Help Defeat Cancer . . . with Your Computer
California Breast Cancer Research Program Joins World Community Grid™
Imagine if the power of each of the world’s estimated 650 million PCs were linked to focus on defeating cancer.
To make this dream a reality, the California Breast Cancer Research Program has become a partner of World Community Grid™, joining the IBM Corporation and a group of more than 225 leading associations, universities, companies, and foundations.
Launched by the IBM Corporation in November 2004, World Community Grid™ uses grid technology to harness the plentiful, underutilized resource of PCs and laptops worldwide to support humanitarian research. Today, hundreds of thousands of volunteers around the globe are donating their idle computer cycles, and World Community Grid™ is harnessing this power to help advance promising humanitarian research projects. Results on critical health issues have already been achieved, demonstrating World Community Grid’s potential to make significant inroads on a great range of future projects that can benefit the world.
On July 20, 2006, World Community Grid™ launched a new effort that will assist in cancer research using the massive computational power of World Community Grid™. The “Help Defeat Cancer” project will use World Community Grid™ to analyze tissue microarrays (TMA) – a new investigative tool that will ultimately help doctors select proper treatments and provide accurate prognosis for cancer patients.
“As a result of the Help Defeat Cancer project, World Community Grid makes it possible to analyze in one day the number of specimens that would take approximately 130 years to complete using a traditional computer,” said Dr. David J. Foran, lead researcher and professor of pathology and director of the Center for Biomedical Imaging at the UMDNJ-Robert Wood Johnson Medical School and co-director of the Immunohistochemistry shared resources program of The Cancer Institute of New Jersey. “Without World Community Grid, TMAs are processed in individual or small batches that are analyzed on standard computers.”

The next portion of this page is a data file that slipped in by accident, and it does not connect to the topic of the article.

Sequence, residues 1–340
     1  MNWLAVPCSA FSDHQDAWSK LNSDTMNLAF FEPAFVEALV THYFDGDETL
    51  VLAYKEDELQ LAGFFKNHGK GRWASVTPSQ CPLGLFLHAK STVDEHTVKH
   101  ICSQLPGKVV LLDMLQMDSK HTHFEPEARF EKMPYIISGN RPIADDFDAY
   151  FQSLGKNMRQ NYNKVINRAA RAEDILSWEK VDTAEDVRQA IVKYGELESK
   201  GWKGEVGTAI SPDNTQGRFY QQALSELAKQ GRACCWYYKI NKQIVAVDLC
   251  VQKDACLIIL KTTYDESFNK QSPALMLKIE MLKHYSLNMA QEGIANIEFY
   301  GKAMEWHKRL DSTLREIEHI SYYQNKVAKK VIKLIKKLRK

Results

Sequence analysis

Through TMA, researchers arrange micro-sections of hundreds of different, but related, cancer specimens (or tissue samples) on a single microscope glass slide. The specimens are carefully selected and organized so that researchers can compare them to each other. Currently, the methods to evaluate tissue microarrays involve the manual, interactive review of samples or the digitizing of samples for quantitative assessment. Both procedures are slow, tedious, and prone to human error.
Researchers at The Cancer Institute of New Jersey, Rutgers University and UMDNJ – Robert Wood Johnson Medical School, created a web-based, robotic prototype that can automatically analyze, archive, share, and create images of digitized tissue microarrays, which will allow scientists to better study cancer and its effects. World Community Grid™ will take this work to a new level by deploying massive computer power to enable more complex comparisons to run much more quickly and accurately.
Ultimately, the project will give researchers improved understanding of cancer biology and uncover new sub-classifications of cancer that will then point to new courses of treatment. They also will have unparalleled insight into which patient populations are most likely to respond to a given treatment regimen, while also providing information needed for future drug design.
“World Community Grid is a promising and innovative way of allowing us to assist in providing more accurate, timely, and well targeted cancer diagnoses and to make a difference on problems that plague humanity,” said Marion Kavanaugh-Lynch, Director of the California Breast Cancer Research Program. “We are proud to be a partner and help further this important research effort.”
“Help Defeat Cancer” is the third project that will take advantage of the enormous computational power offered by World Community Grid™. Since November 2005, World Community Grid™ has been running FightAIDS@Home, which is working on finding new and effective drugs to stop the HIV virus. To date, the project has virtually screened 2,000 drug compounds against 270 wild type and mutant HIV proteases and has discovered potential leads to new therapies. Work that would have taken five years to complete was done in six months on World Community Grid™. More information about the project can be found here: www.worldcommunitygrid.org/projects_showcase/viewHdcResearch.do.
In November 2004, World Community Grid™ launched the Human Proteome Folding
Project, which is helping scientists understand the functions of human
proteins and, ultimately, how to cure diseases like malaria and lyme disease.
project produced a database that describes the structure of approximately
150,000 protein domains that could not be described previously using traditional
approaches. This database of protein structures will help scientists take
the next steps to understanding how diseases that involve these proteins
work and, ultimately, clues to help cure diseases like cancer, malaria, and
A second phase of the project is focusing on human-secreted proteins, which
are often key markers for diagnosis of diseases.
The California Breast Cancer Research Program is encouraging our community to contribute their idle computer cycles to World Community Grid™. To join, go to www.worldcommunitygrid.org and simply download and install a free, small software program on your computer. Then sign up for the CBCRP team and select the “Help Defeat Cancer” project. When idle, your computer requests data from World Community Grid’s server. The computer then performs computations using this data, sends the results back to the server, and prompts the server for a new piece of work.
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